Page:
The Best-Ever Tara VanDerveer

Stanford women's basketball is immensely fortunate to have a Hall-of-Fame coach who this season joined the 700-win club. Contributing Correspondent Warren Grimes thinks this season may have been Tara VanDerveer's finest yet.

This has been Tara VanDerveer's finest hour. Not to belittle Tara's past accomplishments – they are quite remarkable. Prior to this season, Tara had led her Stanford team to five Final Fours. In two of those years, her teams put on national championship rings (1990 and 1992). Tara has also coached USA women's basketball to an Olympic Gold Medal in 1996. But in terms of the degree of difficulty factor, none of these past achievements compare with getting Stanford to the end game of the 2008 edition of the NCAA Tournament.

To be sure, Tara had not a little help in getting there. Most prominently, all-everything Candice Wiggins is the best player ever to put on a Stanford uniform. And sophomore center Jayne Appel is the most dominating post to play at Stanford. The list does not end here – there were quite a number of other players who made major contributions to the team's 35-4 season. And there is the extremely capable staff of assistants, led by Associate Head Coach Amy Tucker, who were a part of the success.

So what's the big deal about this season? To begin with, the opponents that this year's Stanford team played and dispatched (with 4 exceptions) were, as a group, substantially better than opponents the 1990 and 1992 championship teams played. The pool of talent for women's college basketball has grown, and with it the quality of the competition. Coaching has also become more competitive. Geno Auriemma, for one, was not a marquee name in the early 1990s.

The 1990s teams never had to play the likes of this year's back-to-back games against the University of Maryland, Connecticut, and Tennessee, all number one regional seeds in the tournament (Connecticut was the overall number one seed). These teams, each of them favored over Stanford, had bigger, quicker players with more refined basketball skills than most of the top teams two decades ago. This year's Stanford edition had a 2-1 tournament record (and a 3-2 overall record) against these formidable opponents.

Then there's the refined triangle offense that Coach VanDerveer fine-tuned over the course of this season. By the time of the tournament, the team's spread out offensive set, with accurate and well-timed passing, was the best I've ever seen from a Stanford team. It was a pleasure to watch, and brought lop-sided victories to the very end. Tennessee proved that the team's coordinated offense could be disrupted by a group of impassioned and athletic players (five of Tennessee's players have just been selected in the WNBA draft) – but that disappointing finale in no way undermines the remarkable team-oriented offense that this year's Stanford team featured. Tara's team consisted of only one senior and one junior in the seven-person rotation, and it is doubtful that, even with additional experience and improved skills, five of them will end up as high selections in the WNBA draft.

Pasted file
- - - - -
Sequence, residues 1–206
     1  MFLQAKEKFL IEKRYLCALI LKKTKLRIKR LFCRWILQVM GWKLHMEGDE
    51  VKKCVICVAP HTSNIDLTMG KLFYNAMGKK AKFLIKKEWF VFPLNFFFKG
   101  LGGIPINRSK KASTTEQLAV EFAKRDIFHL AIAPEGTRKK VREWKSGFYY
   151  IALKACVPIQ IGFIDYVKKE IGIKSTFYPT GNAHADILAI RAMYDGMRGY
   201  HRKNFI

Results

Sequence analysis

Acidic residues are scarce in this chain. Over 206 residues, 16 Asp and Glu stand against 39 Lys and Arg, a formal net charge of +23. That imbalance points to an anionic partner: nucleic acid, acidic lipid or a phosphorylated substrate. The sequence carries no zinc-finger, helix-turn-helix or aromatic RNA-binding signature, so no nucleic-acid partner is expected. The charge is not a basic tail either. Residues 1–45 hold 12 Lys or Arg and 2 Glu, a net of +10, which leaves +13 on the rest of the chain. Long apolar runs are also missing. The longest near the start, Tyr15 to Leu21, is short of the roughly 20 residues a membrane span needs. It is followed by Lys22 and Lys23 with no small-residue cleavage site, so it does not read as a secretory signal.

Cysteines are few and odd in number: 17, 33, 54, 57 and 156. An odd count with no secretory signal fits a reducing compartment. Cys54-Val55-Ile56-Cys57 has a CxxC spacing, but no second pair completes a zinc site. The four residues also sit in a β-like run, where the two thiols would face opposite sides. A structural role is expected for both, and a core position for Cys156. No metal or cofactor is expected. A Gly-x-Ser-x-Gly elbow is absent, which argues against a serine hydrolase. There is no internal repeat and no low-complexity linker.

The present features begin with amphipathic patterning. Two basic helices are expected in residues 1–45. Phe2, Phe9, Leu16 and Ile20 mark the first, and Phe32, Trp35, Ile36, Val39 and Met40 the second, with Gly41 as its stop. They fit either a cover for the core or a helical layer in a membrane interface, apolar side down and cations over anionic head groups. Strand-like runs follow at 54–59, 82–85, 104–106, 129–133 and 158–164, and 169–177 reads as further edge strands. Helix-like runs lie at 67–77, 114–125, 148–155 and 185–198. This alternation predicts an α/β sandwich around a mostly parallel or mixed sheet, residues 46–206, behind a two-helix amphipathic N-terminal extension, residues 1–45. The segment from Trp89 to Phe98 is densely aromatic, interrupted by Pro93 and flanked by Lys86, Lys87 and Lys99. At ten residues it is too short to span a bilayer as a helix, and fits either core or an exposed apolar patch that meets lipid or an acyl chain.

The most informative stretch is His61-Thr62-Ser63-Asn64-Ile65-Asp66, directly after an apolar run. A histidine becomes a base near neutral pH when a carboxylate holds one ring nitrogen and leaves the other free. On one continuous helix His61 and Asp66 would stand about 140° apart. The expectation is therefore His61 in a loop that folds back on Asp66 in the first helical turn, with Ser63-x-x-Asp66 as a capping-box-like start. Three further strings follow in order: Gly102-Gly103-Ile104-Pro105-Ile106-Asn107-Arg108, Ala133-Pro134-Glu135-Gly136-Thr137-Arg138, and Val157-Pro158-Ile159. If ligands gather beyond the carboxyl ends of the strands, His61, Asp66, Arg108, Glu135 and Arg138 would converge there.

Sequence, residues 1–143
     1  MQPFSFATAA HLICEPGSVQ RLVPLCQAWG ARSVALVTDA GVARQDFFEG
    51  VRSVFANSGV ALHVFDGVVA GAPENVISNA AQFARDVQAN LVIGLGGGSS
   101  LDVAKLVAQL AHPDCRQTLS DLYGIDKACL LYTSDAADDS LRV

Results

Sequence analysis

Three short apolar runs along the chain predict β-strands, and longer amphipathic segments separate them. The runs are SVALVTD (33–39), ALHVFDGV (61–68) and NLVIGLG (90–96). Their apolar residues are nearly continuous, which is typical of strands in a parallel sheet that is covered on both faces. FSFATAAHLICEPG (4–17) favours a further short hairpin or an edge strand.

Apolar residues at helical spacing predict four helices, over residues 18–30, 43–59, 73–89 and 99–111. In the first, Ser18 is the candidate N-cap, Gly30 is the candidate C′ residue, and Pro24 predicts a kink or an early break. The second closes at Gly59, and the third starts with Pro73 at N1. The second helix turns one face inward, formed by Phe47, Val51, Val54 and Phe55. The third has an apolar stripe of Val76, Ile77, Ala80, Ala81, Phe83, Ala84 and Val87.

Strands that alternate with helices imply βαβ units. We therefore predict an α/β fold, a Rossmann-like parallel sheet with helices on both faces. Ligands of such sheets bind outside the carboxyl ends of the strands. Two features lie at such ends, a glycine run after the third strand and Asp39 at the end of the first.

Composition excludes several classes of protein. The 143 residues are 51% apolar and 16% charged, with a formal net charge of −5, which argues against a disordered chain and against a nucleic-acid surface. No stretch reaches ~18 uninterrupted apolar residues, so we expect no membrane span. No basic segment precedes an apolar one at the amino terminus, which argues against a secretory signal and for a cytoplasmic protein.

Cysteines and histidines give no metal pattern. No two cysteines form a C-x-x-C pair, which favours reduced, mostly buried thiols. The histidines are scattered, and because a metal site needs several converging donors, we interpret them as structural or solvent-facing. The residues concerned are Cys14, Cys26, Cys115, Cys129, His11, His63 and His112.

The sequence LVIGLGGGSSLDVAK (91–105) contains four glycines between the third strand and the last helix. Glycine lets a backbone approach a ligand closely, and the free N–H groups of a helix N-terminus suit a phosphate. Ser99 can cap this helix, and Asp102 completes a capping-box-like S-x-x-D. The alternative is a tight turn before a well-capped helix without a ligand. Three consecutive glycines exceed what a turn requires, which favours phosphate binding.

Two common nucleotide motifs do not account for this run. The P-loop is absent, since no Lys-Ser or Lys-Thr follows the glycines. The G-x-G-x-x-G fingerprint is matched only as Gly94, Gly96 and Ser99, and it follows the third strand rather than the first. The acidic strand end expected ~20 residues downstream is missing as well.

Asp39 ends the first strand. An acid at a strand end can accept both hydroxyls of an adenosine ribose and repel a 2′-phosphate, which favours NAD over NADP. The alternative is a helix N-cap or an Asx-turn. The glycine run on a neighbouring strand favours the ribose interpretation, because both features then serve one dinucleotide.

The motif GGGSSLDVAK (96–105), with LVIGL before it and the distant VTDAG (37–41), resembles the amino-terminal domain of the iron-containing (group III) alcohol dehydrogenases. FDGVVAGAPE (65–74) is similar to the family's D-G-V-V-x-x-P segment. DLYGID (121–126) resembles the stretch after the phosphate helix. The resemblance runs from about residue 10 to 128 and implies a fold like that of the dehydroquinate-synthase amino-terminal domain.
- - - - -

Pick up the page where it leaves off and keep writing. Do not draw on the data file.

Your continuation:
Team chemistry was a part of the 2008 success. VanDerveer had a special affinity with star player Candice Wiggins and, together with the team, they weathered the dark January weekend in Los Angeles when Stanford dropped successive games to mid-tier Pac-10 opponents UCLA and USC. The team's ability to bounce back from that weekend to a late season peak may be attributed in part to the coach's ability to relate to her players and draw out the best in them. As a people person, the Tara VanDerveer of 2008 is well ahead of the 1992 version.

There are a lot of negatives associated with coaching high profile college athletics. The money can be very good, but the pressure very substantial. There are know-it-all critics who second-guess your decisions, petty fans who tolerate nothing short of "total victory," and the never-ceasing competition of recruiting prize high school athletes. To survive in this environment, one has to have a dedication and single-mindedness. It can't hurt to love teaching, to care about your players and your staff, and to love the game. Tara VanDerveer has all of those qualities.

Next year will bring new challenges. In the Post-Wiggins era, there will be no single player who can do what the four-time All-American has done. But there are new players and veterans coming back from injury to offer a variety of choices that can be blended into a fine perimeter team. In the post positions, with McDonald's All American Nneka Ogwumike joining the team, Stanford could well have the best post rotation in the country. There's no telling what the team's record will be. But they will be coached by the best Tara VanDerveer ever.


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